Intersectionality, Agency, and VulnerabilityCarisa R. Showden and Samantha Majic
When cases of domestic minor sex trafficking (DMST) by predatory men are reported in the media, it is often presented that a young, innocent girl has been abused by bad men with their demand for sex and profit. This narrative has shaped popular understandings of young people in the commercialized sex trades, sparking new policy responses. However, the authors of Youth Who Trade Sex in the U.S. challenge this dominant narrative as incomplete. Carisa Showden and Samantha Majic investigate young people’s engagement in the sex trades through an intersectional lens.
The authors examine the dominant policy narrative’s history and the political circumstances generating its emergence and current form. With this background, Showden and Majic review and analyze research published since 2000 about young people who trade sex to develop an intersectional “matrix of agency and vulnerability” designed to improve research, policy, and community interventions that center the needs of these young people. Ultimately, they derive an understanding of the complex reality for most young people who sell or trade sex, and are committed to ending such exploitation.
“Youth Who Trade Sex in the U.S . tackles a complex social problem through careful research and intersectional analysis. Showden and Majic are to be commended for their novel approach to a difficult subject, willingness to challenge dominant stereotypes, and recommendations for policy reform.”
—Laura S. Abrams, Professor and Chair, UCLA Luskin School of Public Affairs, Department of Social Welfare
“ An excellent study that demonstrates, through detailed analysis, that dominant narratives available to us about young people who trade sex represent only a small part of the picture and do not adequately speak to the young people’s realities. Drawing from empirical studies of homeless, sex-trafficked, and LGBTQ youth, and from studies of health and human trafficking in the United States more generally, Showden and Majic make a compelling case for taking an intersectional approach that acknowledges both the agency and vulnerability of youth in the sex trade. An important antidote to the skewed and misleading images we are fed about domestic sex trafficking in the United States, Youth Who Trade Sex in the U.S. provides concrete advice for generating sensitive, well-designed, youth-centered research. I highly recommend this valuable tool for students, scholars, policy makers, and community workers concerned about human trafficking, the sex trade, and youth today.”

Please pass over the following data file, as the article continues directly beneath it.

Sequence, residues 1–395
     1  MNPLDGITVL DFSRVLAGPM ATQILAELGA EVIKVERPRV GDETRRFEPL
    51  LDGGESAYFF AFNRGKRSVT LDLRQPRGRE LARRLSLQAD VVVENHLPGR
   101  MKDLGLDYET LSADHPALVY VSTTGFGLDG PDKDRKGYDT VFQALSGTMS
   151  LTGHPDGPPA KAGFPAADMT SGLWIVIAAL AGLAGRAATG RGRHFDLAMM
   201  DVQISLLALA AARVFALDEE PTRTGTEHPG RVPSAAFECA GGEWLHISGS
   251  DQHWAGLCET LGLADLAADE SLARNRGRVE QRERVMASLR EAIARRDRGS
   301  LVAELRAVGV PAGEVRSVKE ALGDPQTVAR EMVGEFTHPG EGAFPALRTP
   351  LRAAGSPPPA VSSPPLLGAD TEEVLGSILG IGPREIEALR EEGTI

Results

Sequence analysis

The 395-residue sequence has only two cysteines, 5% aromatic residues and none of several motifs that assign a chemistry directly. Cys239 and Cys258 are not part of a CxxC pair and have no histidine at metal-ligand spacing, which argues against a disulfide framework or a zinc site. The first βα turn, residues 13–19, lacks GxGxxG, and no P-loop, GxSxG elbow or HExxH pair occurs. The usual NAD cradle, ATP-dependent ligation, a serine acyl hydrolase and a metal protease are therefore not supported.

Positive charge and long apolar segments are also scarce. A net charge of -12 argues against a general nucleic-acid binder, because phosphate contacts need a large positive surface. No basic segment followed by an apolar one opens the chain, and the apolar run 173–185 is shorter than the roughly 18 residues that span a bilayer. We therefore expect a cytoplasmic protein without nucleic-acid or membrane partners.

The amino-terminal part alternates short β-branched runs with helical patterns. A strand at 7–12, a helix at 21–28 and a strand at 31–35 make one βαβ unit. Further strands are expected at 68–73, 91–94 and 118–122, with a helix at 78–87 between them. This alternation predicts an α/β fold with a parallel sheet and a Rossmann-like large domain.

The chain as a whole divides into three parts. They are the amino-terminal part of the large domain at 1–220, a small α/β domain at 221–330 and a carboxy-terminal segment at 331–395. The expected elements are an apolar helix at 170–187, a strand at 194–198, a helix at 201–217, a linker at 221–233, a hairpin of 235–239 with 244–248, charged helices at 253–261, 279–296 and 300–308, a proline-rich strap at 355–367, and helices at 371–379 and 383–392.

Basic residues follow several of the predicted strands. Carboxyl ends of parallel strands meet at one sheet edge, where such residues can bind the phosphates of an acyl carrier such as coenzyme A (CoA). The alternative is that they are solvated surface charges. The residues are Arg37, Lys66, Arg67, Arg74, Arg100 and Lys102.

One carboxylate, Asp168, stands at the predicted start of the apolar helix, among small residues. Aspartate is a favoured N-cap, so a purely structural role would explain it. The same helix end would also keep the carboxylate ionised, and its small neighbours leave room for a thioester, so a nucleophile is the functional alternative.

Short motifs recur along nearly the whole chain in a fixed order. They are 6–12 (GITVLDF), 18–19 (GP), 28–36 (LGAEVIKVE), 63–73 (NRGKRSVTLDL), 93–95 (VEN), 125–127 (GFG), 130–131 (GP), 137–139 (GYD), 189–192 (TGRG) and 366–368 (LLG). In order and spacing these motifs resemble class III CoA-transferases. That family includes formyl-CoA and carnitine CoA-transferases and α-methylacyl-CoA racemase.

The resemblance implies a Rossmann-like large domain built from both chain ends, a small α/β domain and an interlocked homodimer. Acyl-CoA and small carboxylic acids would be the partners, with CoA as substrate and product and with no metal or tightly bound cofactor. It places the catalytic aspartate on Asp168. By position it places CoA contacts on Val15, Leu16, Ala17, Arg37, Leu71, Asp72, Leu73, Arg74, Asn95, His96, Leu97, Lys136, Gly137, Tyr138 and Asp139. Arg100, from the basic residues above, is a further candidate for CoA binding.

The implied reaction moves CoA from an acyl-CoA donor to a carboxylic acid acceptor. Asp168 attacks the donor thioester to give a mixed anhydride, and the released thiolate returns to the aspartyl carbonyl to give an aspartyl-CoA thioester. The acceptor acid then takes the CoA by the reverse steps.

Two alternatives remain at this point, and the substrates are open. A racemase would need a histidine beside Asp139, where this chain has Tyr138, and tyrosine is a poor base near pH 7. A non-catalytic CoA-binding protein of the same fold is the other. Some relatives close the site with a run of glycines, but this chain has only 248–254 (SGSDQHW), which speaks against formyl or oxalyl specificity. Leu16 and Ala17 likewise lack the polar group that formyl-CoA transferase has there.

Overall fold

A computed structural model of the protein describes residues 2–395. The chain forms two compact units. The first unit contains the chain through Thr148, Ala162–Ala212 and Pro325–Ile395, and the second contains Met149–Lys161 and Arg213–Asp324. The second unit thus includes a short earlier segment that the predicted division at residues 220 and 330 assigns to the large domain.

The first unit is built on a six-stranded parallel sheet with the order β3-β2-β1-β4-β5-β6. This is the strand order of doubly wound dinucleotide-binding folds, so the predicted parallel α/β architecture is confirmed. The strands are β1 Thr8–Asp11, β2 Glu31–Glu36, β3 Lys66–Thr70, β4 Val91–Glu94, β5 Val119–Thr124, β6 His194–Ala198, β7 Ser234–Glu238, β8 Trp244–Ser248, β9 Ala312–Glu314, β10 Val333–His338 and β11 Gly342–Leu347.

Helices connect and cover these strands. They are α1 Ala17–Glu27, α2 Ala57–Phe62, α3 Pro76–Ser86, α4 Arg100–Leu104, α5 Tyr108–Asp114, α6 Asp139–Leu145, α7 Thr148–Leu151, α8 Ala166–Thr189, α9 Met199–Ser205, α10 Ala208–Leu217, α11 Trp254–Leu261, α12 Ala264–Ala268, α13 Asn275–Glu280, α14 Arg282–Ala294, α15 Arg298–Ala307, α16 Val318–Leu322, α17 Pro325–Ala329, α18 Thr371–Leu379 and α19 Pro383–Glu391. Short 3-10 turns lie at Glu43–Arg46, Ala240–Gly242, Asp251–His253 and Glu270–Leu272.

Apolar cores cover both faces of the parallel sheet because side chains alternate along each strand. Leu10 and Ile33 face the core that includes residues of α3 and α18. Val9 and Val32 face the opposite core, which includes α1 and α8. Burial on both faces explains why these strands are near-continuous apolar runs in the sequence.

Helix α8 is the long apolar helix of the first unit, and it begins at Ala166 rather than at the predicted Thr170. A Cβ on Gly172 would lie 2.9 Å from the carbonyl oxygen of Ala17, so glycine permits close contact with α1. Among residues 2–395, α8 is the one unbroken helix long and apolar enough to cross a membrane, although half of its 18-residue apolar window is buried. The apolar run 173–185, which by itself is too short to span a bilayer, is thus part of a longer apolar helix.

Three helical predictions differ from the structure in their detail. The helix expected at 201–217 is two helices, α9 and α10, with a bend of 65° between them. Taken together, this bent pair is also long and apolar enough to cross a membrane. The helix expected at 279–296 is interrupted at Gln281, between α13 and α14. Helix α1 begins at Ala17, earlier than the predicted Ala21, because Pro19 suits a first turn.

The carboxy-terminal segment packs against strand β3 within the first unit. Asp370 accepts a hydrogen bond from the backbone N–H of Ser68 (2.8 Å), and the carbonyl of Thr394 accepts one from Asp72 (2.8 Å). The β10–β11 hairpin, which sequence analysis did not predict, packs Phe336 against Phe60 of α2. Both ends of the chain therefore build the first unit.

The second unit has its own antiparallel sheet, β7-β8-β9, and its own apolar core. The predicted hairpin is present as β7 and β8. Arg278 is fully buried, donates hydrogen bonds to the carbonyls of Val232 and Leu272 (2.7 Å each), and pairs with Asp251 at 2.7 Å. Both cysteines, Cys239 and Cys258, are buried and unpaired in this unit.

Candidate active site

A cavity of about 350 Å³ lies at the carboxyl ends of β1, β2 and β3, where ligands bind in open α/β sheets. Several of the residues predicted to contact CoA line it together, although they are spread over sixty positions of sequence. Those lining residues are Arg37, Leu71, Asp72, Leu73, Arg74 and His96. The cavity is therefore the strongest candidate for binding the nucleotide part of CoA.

—Kamala Kempadoo, Professor, York University, Department of Social Science
"Anyone who keeps abreast of the news is aware of the master narrative of youth sex trafficking in the US.... This book argues that the narrative conceals far more than it explains.... The authors base their conclusions on a rigorous methodological analysis and critique of 128 peer-reviewed studies.... The strengths and weaknesses of each approach are detailed in what the authors call a comprehensive narrative analysis (CNA), which is amply supported by informative tables. This book should be required reading for all graduate students in the social and behavioral sciences. The intersectional methodological analysis is superb. Summing Up: Essential. — Choice
"In a sea of misinformation, moralism, and exaggerated claims about youth trafficking and sexual exploitation, Carisa R. Showden and Samantha Majic’s Youth Who Trade Sex in the U.S. is a breath of fresh air. Based on a comprehensive narrative analysis of trafficking research, this book challenges simplistic and reductive notions of young people’s experiences of sexual commerce.... Employing an intersectional approach, Showden and Majic’s well-researched and expertly articulated book presents a more accurate account."
— Criminal Law and Criminal Justice Books
"Showden and Majic are two of the preeminent scholars on sex work and sex trafficking in the United States, and their collaboration here comes at a critical point in the country’s need for evidence-based policy to address sex trafficking.... Youth Who Trade Sex in the U.S. is a must-read for students and researchers interested in sex trafficking policy. The overview of existing research alone is a crucial contribution to the literature, and the theoretical matrix provides an exciting new way to frame research outside the confines of labor theory while drawing on intersectionality and person-first language."
— Contemporary Sociology
"(A)nalytically rousing and comprehensive.... The book deftly unpacks the glaring disconnect between the misconceptions reflected in well-intended policy characterizations of sex trafficking and the complex realities facing young people who trade sex, explaining how we got here, what ideas and assumptions inform public understanding, and the steps researchers and policy makers can take to change course.... Youth Who Trade Sex in the United States is essential reading for scholars in political science, gender studies, sociology, and social work whose work investigates intersectionality, American politics, policy narratives, and law reforms.... (P)eople’s lives will be enriched and deepened by reading it."
— Perspectives on Politics